There's a Storm Coming

There's a Storm Coming

Dear Christian,

There is a storm coming your way. 

It cannot be avoided, and the surest way out is to sail straight through, in full assurance that the Lord is your Captain.  This is an attempt to prepare you for the suffering that will come.

Amidst the storm, we must cling to these seven truths; they are an anchor for the soul.

1. The gospel is our surest hope. 

No matter the storm, its severity, or its raging power, we must find our identity in this message of salvation.  We are loved beyond measure.  Christ died for our sins and rose for our justification.  We are God's adopted children.  We have every spiritual blessing in the heavenly places in Christ.  This is true before, during, and after suffering. 

2. The sovereignty of God is our only anchor.

God is in complete control over every facet and detail of our lives, even suffering — especially suffering.  Thus, we must understand that suffering is brought into our lives and kept in our lives by none other than God Himself. 

Romans 8:28 — "And we know that God causes all things to work together for good to those who love God…".
Psalm 119:75 — I know, O LORD, that Your judgments are righteous, / And that in faithfulness You have afflicted me.

3. The goodness of God is our highest assurance.

Yet even as we know suffering is ordained by God, we also know that He is motivated by pure goodness.  "You are good and do good" (Psalm 119:68a).  We have no ground to doubt His purposes, even if His purposes hurt; God always uses our suffering for good ends, many of which we may not seen or understand, but which are good nonetheless.

Romans 8:28 — "And we know that God causes all things to work together for good to those who love God…".
Genesis 50:20 — “As for you, you meant evil against me, but God meant it for good…" 

4. The presence of God is our greatest comfort.

"God is our refuge and strength, / A very present help in trouble." (Psalm 46:1).  With the suffering, God gives Himself.  It's said that we ought only to fear letting the suffering come between us and God, for that will drive us away from Him.  We ought to labor to ensure that all suffering will drive us to Him, for He comforts us in our affliction.  And His comfort exceeds all other comfort.

Matthew 28:20 — "…lo, I am with you always, even to the end of the age"
Psalm 23:4 — Even though I walk through the valley of the shadow of death,  / I fear no evil, for You are with me; / Your rod and Your staff, they comfort me.
Psalm 63:7 — For You have been my help, / And in the shadow of Your wings I sing for joy.

5. The Word of God stands unchanging, unalterable, unfading, unstoppable.  All counsel must be tested by this.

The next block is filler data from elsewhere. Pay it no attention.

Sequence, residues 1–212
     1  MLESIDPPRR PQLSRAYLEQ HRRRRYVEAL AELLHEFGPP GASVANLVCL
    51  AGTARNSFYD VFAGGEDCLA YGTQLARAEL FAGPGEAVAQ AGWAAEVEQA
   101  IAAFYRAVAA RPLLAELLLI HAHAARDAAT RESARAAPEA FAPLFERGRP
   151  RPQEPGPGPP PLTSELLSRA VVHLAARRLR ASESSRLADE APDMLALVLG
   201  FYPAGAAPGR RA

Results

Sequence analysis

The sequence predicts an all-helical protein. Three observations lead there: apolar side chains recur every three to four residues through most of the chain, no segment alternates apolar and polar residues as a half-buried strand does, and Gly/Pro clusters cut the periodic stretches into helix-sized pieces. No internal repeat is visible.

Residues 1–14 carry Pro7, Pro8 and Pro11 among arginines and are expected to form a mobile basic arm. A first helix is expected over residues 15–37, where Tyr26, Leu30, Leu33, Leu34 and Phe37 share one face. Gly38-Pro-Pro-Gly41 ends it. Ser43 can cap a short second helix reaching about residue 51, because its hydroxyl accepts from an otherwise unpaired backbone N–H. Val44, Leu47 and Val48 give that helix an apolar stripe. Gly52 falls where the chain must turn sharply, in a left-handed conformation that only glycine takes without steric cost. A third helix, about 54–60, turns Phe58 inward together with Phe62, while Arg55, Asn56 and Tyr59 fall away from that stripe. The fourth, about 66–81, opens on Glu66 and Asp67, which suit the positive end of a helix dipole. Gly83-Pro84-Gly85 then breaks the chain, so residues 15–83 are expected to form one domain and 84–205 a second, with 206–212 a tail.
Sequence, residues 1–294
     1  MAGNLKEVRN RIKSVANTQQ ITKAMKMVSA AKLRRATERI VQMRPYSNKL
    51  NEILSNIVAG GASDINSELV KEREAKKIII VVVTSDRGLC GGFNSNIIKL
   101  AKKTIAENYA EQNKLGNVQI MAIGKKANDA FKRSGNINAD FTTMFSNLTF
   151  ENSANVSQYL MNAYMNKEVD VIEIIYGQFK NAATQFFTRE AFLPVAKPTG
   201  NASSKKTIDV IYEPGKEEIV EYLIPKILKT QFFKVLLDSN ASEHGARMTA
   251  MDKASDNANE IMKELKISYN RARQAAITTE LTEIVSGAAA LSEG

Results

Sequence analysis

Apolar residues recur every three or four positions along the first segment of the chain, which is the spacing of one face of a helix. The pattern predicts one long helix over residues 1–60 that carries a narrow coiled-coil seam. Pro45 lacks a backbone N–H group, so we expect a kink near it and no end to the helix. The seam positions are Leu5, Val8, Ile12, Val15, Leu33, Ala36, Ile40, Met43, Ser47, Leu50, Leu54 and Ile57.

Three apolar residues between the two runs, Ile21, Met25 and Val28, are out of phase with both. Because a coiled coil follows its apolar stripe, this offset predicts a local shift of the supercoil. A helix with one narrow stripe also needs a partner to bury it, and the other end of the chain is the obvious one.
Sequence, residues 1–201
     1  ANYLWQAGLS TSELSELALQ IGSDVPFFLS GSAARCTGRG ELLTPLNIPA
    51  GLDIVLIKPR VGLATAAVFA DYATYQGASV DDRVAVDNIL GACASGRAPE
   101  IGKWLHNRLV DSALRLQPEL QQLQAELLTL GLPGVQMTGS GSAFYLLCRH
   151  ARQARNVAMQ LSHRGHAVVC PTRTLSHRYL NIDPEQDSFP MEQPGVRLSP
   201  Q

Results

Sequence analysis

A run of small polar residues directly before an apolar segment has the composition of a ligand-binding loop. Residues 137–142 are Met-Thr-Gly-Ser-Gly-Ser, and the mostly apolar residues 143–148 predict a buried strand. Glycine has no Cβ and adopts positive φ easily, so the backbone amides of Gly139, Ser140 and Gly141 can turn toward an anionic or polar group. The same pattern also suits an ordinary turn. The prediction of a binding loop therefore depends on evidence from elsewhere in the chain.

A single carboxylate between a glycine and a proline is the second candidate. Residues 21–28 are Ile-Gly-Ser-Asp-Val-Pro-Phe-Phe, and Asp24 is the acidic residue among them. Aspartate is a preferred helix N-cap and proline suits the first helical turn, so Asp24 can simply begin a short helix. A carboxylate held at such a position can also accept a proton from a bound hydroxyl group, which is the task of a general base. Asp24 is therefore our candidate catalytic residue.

In suffering we often receive a lot of counsel and advice, some asked for and some not.  Much of it is not good counsel — just ask Job.  Usually the counselor has good intentions but does not give good advice, sometimes because they do not fully understand the situation, but more often because they are not speaking from the Word of God. 

Whereas Scripture is "perfect, restoring the soul… sure, making wise the simple, …pure, enlightening the eyes" (Psalm 19:7-8), the opinions of men are not.  When asking for counsel, kindly ask if your counselor can show you God's Word, and seek to not be swayed by their experiences and opinions.

6. The wisdom of God is our only compass.

Most of our suffering is emotional.  And that's why suffering is so hard: our mind succumbs to the lies we feel, we doubt the truth of God, and then seek to resolve the suffering by fleshly wisdom and human means.  Such a pursuit will always fail, for just as God brings suffering for our good, He also removes it only when it has accomplished His purpose.  We must endure and exit suffering by godly wisdom and divine means.

It's no mystery, then, why James speaks of wisdom right after exhorting his congregation to endure suffering well:

James 1:2,5 — Consider it all joy, my brethren, when you encounter various trials… But if any of you lacks wisdom, let him ask of God, who gives to all generously and without reproach, and it will be given to him.

God will give wisdom to those who ask, especially wisdom — practical, godly knowledge put in action — to respond to suffering.

7. As we suffer, we must look to our unseen God, and our unseen, heavenly Home.

The Father is our Father, the Son our Lover, the Spirit our Power, and Heaven our home.

The Father, our Father, loves us, and will not send temptation and trial our way without giving us a godly way of escape and preservation from harm, for His glory and our sanctification.  The Son, Lover of our soul, knows our weaknesses, sorrow, lament, and grief, and is able to sympathize with us (Hebrews 4:15-16).  The Spirit, our Power, reigns in our heart and gives us resurrection power (Ephesians 1:9-21, especially v. 19) to do what we know is impossible for us: joyful obedience.

When this short life is done, and our bodies are put to rest, we will not regret the trials. We will thank God for them.  "For I consider that the sufferings of this present time are not worthy to be compared with the glory that is to be revealed to us" (Romans 8:18).  We will count it gain.

2 Corinthians 4:16-18 — Therefore we do not lose heart, but though our outer man is decaying, yet our inner man is being renewed day by day.  For momentary, light affliction is producing for us an eternal weight of glory far beyond all comparison, while we look not at the things which are seen, but at the things which are not seen; for the things which are seen are temporal, but the things which are not seen are eternal.

Article Roundup: July 2016

Article Roundup: July 2016

The Reformation Martyrs: John Hooper

The Reformation Martyrs: John Hooper